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Johnny Cash: The Life by Robert Hilburn - book review: dark and light of a rocker who refused to walk the line

 

Anyone with a passing interest in music or Hollywood cinema knows that John R Cash was born a white, country cotton-picker in 1930s America, and died revered by millions but an enigma to many of the few he loved.

It's a story that, thus far, has been told through the means of autobiography, that enforcedly limited art. Cash wrote two before he died a decade ago, and there has been no shortage of memoirs since, from wives and children, and various others, all too aware of the more literal meaning of their subject's surname.

Robert Hilburn knew Johnny Cash, too. He should do – he wrote about him for 35 years as music editor and critic for the Los Angeles Times. JR never went to prison, as countless people falsely imagine, but the pair did spend a historic day in one together, when Cash sang about the cocaine blues and shooting a man in Reno, in a performance that elevated him from the merely brilliant to the important. Hilburn was the only journalist at that now near-mythical Folsom Prison gig.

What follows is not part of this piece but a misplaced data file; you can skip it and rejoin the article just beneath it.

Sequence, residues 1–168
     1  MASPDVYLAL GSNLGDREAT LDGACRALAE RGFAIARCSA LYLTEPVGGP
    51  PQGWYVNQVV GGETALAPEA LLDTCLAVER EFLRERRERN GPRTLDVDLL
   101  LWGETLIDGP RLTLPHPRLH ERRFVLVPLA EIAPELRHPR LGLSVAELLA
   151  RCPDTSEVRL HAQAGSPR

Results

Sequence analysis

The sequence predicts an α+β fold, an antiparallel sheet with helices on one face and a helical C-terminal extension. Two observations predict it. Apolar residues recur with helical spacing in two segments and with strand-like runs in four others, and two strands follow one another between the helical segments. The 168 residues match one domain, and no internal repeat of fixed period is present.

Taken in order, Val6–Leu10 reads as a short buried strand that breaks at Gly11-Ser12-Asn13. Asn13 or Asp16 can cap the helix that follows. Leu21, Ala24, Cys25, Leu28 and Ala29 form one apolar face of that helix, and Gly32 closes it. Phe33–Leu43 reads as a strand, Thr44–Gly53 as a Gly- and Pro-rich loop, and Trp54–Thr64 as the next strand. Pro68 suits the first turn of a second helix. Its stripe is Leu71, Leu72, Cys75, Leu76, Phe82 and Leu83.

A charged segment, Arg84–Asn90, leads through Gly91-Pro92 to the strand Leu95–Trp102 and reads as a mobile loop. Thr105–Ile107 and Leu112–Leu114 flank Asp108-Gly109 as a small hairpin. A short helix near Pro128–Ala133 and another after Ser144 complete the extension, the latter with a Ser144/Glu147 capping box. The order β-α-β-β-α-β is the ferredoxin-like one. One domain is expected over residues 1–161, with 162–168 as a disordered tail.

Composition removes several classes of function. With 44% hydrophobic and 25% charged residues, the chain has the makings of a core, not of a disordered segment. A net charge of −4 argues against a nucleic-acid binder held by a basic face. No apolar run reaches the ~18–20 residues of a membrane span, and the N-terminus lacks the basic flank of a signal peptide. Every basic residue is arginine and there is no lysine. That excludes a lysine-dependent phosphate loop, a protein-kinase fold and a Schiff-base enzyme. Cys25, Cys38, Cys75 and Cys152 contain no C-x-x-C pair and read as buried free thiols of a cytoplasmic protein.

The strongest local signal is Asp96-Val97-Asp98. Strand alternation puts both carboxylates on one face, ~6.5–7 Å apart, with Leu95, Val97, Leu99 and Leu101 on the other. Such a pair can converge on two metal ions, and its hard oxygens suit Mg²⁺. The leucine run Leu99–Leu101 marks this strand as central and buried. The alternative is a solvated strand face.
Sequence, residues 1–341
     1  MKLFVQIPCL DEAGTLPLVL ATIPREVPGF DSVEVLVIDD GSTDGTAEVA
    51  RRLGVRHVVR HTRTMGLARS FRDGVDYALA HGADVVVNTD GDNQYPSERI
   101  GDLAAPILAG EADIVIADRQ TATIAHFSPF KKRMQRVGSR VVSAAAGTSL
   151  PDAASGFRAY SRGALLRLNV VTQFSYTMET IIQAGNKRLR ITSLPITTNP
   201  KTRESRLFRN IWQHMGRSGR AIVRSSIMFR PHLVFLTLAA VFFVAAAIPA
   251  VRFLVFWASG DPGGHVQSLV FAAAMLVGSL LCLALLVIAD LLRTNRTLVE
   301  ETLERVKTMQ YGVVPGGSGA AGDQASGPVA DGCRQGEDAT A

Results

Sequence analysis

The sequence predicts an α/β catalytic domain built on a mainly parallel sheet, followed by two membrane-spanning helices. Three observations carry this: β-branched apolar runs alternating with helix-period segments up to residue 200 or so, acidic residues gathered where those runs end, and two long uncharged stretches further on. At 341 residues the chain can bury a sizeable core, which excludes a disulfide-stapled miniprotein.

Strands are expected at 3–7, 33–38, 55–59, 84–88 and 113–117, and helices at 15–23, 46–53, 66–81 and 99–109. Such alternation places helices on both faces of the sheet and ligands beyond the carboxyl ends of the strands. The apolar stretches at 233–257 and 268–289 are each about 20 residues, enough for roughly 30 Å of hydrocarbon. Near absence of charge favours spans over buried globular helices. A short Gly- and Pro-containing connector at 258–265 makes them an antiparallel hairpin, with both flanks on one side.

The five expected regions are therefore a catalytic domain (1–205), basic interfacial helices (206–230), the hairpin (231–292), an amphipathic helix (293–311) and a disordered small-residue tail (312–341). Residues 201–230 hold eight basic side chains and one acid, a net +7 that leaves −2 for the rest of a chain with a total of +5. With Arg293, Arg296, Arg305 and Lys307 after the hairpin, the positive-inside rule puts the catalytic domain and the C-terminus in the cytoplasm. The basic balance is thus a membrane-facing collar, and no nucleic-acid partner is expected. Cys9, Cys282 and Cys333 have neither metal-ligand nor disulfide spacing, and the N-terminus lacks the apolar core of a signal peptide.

If the pair had a friendship of sorts, Hilburn keeps a reasonably scholarly distance here. The temptation to talk of Cash in terms of contradiction overwhelms most popular culture writers who don't know their subject a tenth as well; the light and the dark, the devout Christian and the profound sinner, the quiet family man and the infernal hell-raiser. There is a loftier goal in sight in this book.

Cash readily admitted to the bleakness of his deathly romance with drugs, but he made it sound like a hell of a lot of fun; ploughing a camper van straight through the front of a Las Vegas hotel, getting sued for more than a million dollars (in today's money) for blowing up an RV in the middle of a wildlife refuge, or starting a near fatal fight with an ostrich.

From outside Cash's skull, where Hilburn generally remains, the story is starker, more compelling, and probably more true. The furious telegram from his near-broken manager Saul Holiff is nothing if not to the point: "YOUR BEHAVIOUR IS TOTALLY REPREHENSIBLE, SHOWING A COMPLETE DISREGARD FOR THE RIGHTS AND FEELINGS OF THOSE AROUND YOU."

Life is longer than a country song, and more complicated. Those who love Cash's music might not like the man they meet here. The facts, many of them new, are too loud to speak quietly. That he betrayed his wife for her sister, or that he violently pursued his dead friend's widow.

Whatever is said or written about him, Cash's spell will last a long time yet, but this illuminating book leaves things lighter, if not brighter, for the Man in Black.

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